It’s a something-for-everyone weekend at South African cinemas, with today’s new releases straddling a wide assortment of genres.
Horror movie remakes and reboots are a dime-a-dozen. This latest revisits Sam Raimi and Bruce Campbell’s career-launching cult classic, but is actually produced by the two men. A group of friends – played by largely unknowns – head to a cabin in the woods and accidentally summon a demonic presence.
You can read three reviews of Evil Dead 2013: mine, James‘s and Lourens‘s (well, kinda). In short, we were all pretty impressed by this brutal, respectful and well-acted remake. Avoid it though if you’re put off by dumb character decisions, or like the more cartoonish Evil Dead II and Army of Darkness – this one is dead serious. Internationally, some critics have also missed the humour and fright factor, but generally found Evil Dead a satisfying gorefest. 62% Fresh on review aggregator site Rotten Tomatoes.
On the opposite end of the entertainment spectrum is animated family adventure Planes. Screening in 2D and 3D is this Cars spin-off. Coming from Disney’s straight-to-DVD animation division as opposed to Pixar, Planes centres on a little underdog Cessna who overcomes his fear of heights to take part in an Around the World race. With the voices of Dane Cook, Stacy Keach, Cedric the Entertainer, John Cleese and many more.
According to critics, Planes is colourful, cute and good-natured, but utterly formulaic. It should entertain young children but everyone else is likely to find it a bland, if beautifully animated, cash cow.
Welcome to the Punch:
Changing directions yet again, we have this stylish British crime thriller. Mark Strong stars as a criminal who comes out of hiding when his son is involved in a failed heist. This puts him on he radar of cop, and long-time nemesis, James McAvoy. Also with Andrea Riseborough and David Morrissey.
Welcome to the Punch has split critics. Some have praised the film for its excellent performances, high intensity and visual polish. Others haven’t been able to get past the superficiality and copy-paste nature of it all.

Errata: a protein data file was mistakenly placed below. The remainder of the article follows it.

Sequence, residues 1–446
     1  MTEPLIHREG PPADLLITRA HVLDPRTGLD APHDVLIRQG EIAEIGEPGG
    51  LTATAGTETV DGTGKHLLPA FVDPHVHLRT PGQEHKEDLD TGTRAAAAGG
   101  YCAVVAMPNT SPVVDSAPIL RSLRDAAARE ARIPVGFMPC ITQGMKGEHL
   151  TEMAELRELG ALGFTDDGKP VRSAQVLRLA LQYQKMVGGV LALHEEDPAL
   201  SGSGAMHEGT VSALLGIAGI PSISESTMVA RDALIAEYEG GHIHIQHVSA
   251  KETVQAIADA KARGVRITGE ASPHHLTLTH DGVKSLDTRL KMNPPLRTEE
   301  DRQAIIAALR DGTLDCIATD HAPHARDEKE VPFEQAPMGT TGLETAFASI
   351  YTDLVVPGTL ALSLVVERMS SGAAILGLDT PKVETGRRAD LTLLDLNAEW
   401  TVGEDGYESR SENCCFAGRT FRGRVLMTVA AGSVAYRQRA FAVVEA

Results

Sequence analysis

Jimmy in Pienk:
A South African comedy about a conservative farmer (Louw Venter) who harbours an unconventional passion: he loves hairstyling. When the family farm is facing bankruptcy, he must head to the city and swap stylish sheep shearing for human models when he takes part in a new reality TV show. In Afrikaans with English subtitles.
Jimmy in Pienk sounds like a very likeable cross between one of those gentle Australian blue collar comedies and You Don’t Mess with the Zohan. Expect plenty of fish-out-of-water shenanigans, particularly relating to Jimmy’s interactions with the Cape Town gay community.
Screening in limited release is this film festival thriller from the makers of last year’s provocative indie hit Sound of My Voice. Brit Marling stars as a former FBI agent who is hired to infiltrate a group of eco-terrorists that includes Alexander Skarsgård and Ellen Page.
Kervyn found The East to be both thoughtful and tense, but sadly this morally complex film starts more strongly than it finishes. Internationally, critics have also appreciated the film’s refusal to resort to typical Hollywood simplification of morality and accountability. Pity it’s a bit inconsistent and can be smugly earnest.
Last Updated: August 16, 2013